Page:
By Sam Duncan

It is a widely known fact among those who knows me that I love Bart.

Rarely is there a horse in the Spring, trained by JB, who I’m not on.  I was on Bart when I was eight years old, sitting on my Grandmother’s knee cheering home Let’s Elope to victory in the 1991 Melbourne Cup.  I liked everything about the horse.  I liked the name.  I liked the green and gold silks, and the trainer – a roundish, silver haired genius, with the most famous eyebrows in Australia – fascinated me.  That year, he finished first and second, with second protesting against first, but no matter what, Bart couldn’t lose.

So, I’ve followed him ever since.  I was back on him when Saintly won Bart’s second Cox Plate and then again when he bought home the bacon on Cup Day two weeks later.  I was on again the following year, when he somehow won a third Cox Plate with a 40/1 chance, Dane Ripper.  Two years later I celebrated Bart’s eleventh Melbourne Cup when Rogan Josh saluted and then, just when I almost thought the best of Bart might’ve been behind us, I cartwheeled down the straight at Berrigan when his 80/1 chance, Sirmione triumphed in the Mackinnon Stakes on Derby Day.

A year later I stood on the finishing line at Flemington, gobsmacked when Viewed held on to win the Cup by a lip at 44/1 and then a year later,  I couldn’t stop winning as he unleashed Viewed again in the Caulfield Cup, So You Think in the Cox Plate and Faint Perfume in the Oaks.

Sometimes in sport, characters become so big, their records so imposing, their faces so recognisable that they almost become the sport – as though you can’t have one without the other.  They appear as if they are something more, something better than the rest of us.  Journalists follow them, television cameras shine in their face, microphones are thrust in front of their mouths, quotes are sought after and sentences are dissected.  This happens every year with Bart.  His name is so recognisable that his surname is optional.  Bart, in Melbourne’s spring, is followed, quoted, interviewed and talked about as much as anyone.  And, he’s 83.  That’s no small thing. In a technological world where young people seem to rule, Bart is bucking the trend.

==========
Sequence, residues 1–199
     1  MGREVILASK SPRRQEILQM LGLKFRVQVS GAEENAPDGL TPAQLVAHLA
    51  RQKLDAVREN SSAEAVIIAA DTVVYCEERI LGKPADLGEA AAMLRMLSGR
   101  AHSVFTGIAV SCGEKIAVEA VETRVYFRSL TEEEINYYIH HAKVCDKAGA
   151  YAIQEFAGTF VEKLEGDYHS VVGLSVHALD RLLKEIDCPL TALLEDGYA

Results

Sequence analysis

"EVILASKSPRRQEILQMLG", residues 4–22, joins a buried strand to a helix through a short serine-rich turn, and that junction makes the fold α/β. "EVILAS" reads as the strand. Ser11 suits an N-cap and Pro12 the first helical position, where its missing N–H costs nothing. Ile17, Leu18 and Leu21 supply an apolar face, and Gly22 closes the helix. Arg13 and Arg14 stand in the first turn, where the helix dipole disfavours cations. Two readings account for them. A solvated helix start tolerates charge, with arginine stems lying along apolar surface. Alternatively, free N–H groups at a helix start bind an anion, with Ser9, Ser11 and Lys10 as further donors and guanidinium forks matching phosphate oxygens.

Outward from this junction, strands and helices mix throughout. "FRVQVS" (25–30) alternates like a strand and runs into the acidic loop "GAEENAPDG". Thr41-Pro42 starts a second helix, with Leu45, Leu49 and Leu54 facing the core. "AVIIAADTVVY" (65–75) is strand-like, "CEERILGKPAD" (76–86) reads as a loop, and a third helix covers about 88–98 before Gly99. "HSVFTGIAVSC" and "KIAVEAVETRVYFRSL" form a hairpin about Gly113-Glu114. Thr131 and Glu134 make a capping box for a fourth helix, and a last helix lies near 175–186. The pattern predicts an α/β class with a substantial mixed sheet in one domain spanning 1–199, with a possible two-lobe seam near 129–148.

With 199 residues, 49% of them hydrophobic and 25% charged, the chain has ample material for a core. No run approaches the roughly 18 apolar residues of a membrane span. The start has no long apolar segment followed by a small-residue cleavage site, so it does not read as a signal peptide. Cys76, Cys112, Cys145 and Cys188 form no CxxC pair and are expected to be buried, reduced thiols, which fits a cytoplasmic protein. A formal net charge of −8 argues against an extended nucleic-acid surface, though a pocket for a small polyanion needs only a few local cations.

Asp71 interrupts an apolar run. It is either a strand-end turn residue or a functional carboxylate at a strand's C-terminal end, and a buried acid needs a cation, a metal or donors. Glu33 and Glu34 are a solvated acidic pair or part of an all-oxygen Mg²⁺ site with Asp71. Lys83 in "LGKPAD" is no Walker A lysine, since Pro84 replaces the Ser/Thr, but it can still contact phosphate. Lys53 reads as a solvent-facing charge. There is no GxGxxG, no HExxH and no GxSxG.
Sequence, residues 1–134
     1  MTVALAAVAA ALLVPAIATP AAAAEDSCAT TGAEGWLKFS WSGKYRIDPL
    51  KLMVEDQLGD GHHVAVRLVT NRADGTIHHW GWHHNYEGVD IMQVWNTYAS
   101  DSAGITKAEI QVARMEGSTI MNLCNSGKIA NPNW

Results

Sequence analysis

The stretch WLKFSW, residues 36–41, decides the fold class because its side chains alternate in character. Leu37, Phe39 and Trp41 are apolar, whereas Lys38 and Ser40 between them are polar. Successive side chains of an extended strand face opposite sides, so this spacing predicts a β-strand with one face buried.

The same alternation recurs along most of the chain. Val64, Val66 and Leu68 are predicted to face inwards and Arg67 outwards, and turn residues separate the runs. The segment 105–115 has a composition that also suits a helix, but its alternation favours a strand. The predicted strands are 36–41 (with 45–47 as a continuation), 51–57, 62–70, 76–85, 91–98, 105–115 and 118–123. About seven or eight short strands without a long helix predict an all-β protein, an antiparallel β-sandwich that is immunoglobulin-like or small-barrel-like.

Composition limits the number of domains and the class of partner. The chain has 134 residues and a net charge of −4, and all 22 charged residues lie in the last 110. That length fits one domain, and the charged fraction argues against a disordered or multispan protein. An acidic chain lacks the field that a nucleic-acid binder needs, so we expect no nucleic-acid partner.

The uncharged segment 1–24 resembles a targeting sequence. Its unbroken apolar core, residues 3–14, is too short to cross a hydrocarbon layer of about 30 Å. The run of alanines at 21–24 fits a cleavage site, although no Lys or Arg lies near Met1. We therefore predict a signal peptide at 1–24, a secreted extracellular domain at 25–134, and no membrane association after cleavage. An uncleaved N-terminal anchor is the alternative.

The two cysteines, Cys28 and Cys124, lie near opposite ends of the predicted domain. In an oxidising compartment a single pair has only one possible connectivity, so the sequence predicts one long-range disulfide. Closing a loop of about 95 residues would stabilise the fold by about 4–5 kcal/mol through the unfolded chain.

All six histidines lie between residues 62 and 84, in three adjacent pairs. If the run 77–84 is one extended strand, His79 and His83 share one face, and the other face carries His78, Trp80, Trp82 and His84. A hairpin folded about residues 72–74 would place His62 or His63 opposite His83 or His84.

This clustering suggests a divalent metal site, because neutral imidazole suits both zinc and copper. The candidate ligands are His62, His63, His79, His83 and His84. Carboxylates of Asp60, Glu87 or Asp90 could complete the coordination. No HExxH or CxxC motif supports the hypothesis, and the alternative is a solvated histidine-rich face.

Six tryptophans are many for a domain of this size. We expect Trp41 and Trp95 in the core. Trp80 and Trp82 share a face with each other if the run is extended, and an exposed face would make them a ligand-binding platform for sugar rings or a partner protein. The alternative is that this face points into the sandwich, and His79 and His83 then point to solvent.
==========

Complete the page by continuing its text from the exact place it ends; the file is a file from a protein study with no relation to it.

In the late ‘80’s and early ‘90’s Bart had hit 60 and was at the top of his game.  He had won more Melbourne Cups than any of his rivals and after decades of hard work was well within his rights to retire.  Then, he went broke.  After setting up the ‘Cups King Syndicate’ and spending his wealth on horses for others to buy into, the economy went bust and Bart was left with nothing.  In the flick of a switch Bart had gone from the very top of his game, to somewhere lower than the very bottom.  He had to sell all the horses he’d purchased for next to nothing and then battle on to pay off his creditors.  For every win he had, he had to pay 75% to his creditors until he was debt free.  It was a devastating, humbling and humiliating experience that would’ve broken many a man.